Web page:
I think the semantics you propose here are not good. The first example would change the meaning of existing syntax (bad). The second one shows a const reference to mutable data (head const), which is a no-go for D so far. Shuffling things around, this could be less disruptive addition to the language: Test const test; /* mutable reference to const data */ But: 1) Such placement based syntax is foreign to D. 2) It would be special syntax just for class types. 3) It's not how C++ rolls. `const Test test;` and `Test const test;` are equivalent in C++. You need that '*' in C++, too, to make a distinction between reference and data. 4) Rebindable works reasonably well, as far as I know. So there is not that much pressure to change the language.
Mar 29 2015
parent reply "bitwise" <bitwise.pvt gmail.com> writes:
 1) Such placement based syntax is foreign to D.
I would have to agree that this is a strange way to do things in any language. The great "int* a" vs "int *a" debate...
 2) It would be special syntax just for class types.
IMO, it would be worth it
 3) It's not how C++ rolls.
 `const Test test;` and `Test const test;` are equivalent in 
 C++. You need that '*' in C++, too, to make a distinction 
 between reference and data.
I'm a little confused. I was comparing a C++ pointer-to-class to a D reference, which are basically the same under the hood. I wasn't trying to bring up C++ value types. I'm not sure how they're relevant to the argument.
 4) Rebindable works reasonably well, as far as I know.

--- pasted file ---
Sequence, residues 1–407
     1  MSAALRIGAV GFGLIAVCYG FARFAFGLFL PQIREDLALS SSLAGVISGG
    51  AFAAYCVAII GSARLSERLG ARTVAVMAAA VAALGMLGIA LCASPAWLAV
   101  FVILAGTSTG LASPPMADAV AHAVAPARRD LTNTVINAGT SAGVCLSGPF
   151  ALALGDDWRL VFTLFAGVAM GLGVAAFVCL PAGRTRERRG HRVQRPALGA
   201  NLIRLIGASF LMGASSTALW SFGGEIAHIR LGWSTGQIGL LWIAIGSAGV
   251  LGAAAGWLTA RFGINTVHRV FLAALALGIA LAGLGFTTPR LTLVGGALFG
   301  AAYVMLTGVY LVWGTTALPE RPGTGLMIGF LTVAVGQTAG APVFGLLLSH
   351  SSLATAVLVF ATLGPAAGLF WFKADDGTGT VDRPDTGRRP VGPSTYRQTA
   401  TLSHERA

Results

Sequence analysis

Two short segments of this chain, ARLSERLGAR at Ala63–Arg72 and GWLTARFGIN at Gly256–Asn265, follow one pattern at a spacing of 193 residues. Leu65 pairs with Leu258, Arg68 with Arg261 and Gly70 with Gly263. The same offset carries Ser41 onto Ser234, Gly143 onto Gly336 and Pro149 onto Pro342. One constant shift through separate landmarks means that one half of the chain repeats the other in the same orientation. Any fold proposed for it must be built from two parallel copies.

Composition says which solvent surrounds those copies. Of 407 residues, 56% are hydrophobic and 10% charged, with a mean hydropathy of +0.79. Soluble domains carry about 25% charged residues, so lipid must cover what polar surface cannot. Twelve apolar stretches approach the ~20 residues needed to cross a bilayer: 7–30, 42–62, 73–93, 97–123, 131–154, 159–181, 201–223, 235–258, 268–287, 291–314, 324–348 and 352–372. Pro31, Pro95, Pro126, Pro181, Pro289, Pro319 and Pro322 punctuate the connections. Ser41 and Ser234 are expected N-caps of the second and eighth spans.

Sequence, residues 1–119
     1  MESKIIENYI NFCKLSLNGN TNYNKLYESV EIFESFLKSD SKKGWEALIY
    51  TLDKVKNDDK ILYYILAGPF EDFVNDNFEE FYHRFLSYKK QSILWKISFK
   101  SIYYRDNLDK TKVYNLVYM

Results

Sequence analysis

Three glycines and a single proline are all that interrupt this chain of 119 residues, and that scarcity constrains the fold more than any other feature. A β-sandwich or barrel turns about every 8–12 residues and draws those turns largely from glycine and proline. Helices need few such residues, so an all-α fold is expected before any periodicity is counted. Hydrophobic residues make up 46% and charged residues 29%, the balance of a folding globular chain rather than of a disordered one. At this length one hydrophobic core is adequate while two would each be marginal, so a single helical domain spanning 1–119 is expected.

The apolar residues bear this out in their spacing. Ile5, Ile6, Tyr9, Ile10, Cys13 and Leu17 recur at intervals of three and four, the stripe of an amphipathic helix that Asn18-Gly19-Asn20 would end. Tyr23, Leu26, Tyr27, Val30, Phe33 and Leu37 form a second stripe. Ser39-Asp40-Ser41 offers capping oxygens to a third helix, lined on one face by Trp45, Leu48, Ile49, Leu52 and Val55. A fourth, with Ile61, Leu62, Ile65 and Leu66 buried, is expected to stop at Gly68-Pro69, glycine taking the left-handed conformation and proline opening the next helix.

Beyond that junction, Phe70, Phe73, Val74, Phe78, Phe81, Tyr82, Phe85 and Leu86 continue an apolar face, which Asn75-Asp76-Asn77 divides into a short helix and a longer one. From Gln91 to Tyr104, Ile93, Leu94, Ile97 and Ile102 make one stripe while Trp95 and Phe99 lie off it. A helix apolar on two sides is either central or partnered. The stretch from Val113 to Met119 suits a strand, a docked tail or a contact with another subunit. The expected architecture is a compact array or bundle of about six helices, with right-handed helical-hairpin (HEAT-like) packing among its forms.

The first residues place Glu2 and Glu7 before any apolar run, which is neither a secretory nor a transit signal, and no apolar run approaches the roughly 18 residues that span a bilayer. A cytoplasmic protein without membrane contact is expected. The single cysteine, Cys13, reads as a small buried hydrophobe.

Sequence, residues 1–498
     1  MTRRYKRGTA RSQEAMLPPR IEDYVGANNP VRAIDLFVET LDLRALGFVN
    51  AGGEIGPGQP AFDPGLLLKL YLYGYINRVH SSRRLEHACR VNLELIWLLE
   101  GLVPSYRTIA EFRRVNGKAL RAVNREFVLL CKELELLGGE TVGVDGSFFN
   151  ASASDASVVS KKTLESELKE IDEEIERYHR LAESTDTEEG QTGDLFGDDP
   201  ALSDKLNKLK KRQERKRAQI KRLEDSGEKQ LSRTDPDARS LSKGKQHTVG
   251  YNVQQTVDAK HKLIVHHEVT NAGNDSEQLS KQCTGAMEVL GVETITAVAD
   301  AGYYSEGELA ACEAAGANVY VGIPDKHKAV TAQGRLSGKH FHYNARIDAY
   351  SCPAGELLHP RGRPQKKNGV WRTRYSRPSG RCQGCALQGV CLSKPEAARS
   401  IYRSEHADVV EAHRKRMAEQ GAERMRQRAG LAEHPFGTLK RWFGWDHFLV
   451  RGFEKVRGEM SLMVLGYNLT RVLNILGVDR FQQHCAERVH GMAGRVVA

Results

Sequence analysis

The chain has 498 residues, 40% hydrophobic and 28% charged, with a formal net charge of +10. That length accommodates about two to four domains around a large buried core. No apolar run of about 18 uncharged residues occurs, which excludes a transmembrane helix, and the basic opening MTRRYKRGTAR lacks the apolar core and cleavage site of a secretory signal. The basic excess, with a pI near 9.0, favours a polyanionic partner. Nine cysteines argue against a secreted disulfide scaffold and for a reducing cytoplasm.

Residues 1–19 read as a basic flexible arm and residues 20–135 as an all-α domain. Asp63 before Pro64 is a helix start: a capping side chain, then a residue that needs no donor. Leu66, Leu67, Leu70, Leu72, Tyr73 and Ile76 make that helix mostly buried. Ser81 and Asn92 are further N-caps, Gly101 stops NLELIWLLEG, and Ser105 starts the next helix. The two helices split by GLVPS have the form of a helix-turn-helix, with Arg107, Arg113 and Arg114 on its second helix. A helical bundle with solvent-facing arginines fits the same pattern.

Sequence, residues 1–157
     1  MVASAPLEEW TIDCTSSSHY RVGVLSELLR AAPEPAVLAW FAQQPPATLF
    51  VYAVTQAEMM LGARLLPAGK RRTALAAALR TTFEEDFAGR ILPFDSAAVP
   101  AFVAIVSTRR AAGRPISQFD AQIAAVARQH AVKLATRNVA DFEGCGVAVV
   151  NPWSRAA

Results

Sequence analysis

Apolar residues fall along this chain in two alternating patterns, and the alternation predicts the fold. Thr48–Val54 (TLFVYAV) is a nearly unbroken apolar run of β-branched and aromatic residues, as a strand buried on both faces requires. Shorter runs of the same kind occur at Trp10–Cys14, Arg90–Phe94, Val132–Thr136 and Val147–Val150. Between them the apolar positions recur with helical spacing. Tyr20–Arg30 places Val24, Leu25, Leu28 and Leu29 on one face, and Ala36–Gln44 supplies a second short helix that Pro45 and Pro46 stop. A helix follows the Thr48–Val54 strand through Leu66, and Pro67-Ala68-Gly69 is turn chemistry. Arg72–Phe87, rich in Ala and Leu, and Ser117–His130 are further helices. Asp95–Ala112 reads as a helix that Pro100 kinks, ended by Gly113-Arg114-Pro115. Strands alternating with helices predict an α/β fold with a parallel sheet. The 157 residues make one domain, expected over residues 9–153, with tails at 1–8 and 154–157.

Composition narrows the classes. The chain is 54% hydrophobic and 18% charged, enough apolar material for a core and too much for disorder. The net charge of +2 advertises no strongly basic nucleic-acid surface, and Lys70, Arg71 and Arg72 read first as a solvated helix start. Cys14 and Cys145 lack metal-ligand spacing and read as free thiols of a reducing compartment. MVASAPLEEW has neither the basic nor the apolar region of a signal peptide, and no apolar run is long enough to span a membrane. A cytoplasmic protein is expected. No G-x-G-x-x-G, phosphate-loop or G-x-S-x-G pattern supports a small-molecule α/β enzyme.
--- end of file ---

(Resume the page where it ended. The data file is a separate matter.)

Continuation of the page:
The verbosity and blatant disregard for DRY makes me CRY. See what I did there.. ;) Anyways, IMO, D could benefit from having "tailconst" but I think it's a moot point.
Mar 29 2015
next sibling parent "anonymous" <anonymous example.com> writes:
On Sunday, 29 March 2015 at 20:29:50 UTC, bitwise wrote:
 3) It's not how C++ rolls.
 `const Test test;` and `Test const test;` are equivalent in 
 C++. You need that '*' in C++, too, to make a distinction 
 between reference and data.
I'm a little confused. I was comparing a C++ pointer-to-class to a D reference, which are basically the same under the hood. I wasn't trying to bring up C++ value types. I'm not sure how they're relevant to the argument.
`Test` can be a pointer type: class C {}; typedef C *Test; const Test test1 = 0; Test const test2 = 0; /* same type as test1 */ The point is that C++ shares the problem: If all you have is one identifier (and no pointer star), you can't distinguish the data from the pointer. So C++ syntax could only be properly adopted into D, if D class references got something like the pointer star. At that point, current D syntax with parentheses would work, too.
 4) Rebindable works reasonably well, as far as I know.
The verbosity and blatant disregard for DRY makes me CRY. See what I did there.. ;) Anyways, IMO, D could benefit from having "tailconst" but I think it's a moot point.
Yeah, I don't like Rebindable very much either. But it works ok, so whatever. If you have strong arguments, maybe post to the general forum. For me it's just about aesthetics.
Mar 29 2015
prev sibling parent ketmar <ketmar ketmar.no-ip.org> writes:
On Sun, 29 Mar 2015 20:29:49 +0000, bitwise wrote:

 The verbosity and blatant disregard for DRY makes me CRY.
 See what I did there.. ;)
you can always `alias` it to something funny or obscene.=
Mar 29 2015
prev sibling parent "Baz" <bb.temp gmx.com> writes:
On Friday, 27 March 2015 at 21:33:19 UTC, bitwise wrote:
 class Test{}

 void main()
 {
 	const(Test)[string] tests;
 	tests["test"] = new Test();
 }

 This code used to work, but after upgrading to dmd 2.067, it no 
 longer does.
 --Error: cannot modify const expression tests["test"]

 How do I insert an item into an associative array of const 
 objects?
Generally speaking, you can insert an item in a constructor: --- class Test{} const (Test)[string] tests; static this() { tests["test"] = new Test(); } class Bar { immutable (Test)[string] tests2; this() { this.tests2["test"] = new Test(); } } void main() { auto bar = new Bar; } --- The same problem already existed before 2.067 for AA with strings as value (string[string]), since they are immutable.
Mar 28 2015